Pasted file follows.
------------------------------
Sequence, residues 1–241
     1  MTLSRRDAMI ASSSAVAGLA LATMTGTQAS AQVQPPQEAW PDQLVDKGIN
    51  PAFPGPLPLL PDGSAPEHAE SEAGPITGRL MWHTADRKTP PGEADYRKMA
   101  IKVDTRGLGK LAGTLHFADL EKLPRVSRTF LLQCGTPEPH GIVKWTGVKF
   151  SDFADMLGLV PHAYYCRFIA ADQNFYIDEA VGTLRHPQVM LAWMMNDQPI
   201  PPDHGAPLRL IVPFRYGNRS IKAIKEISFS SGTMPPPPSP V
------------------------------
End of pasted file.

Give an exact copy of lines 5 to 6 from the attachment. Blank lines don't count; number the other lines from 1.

   151  SDFADMLGLV PHAYYCRFIA ADQNFYIDEA VGTLRHPQVM LAWMMNDQPI
   201  PPDHGAPLRL IVPFRYGNRS IKAIKEISFS SGTMPPPPSP V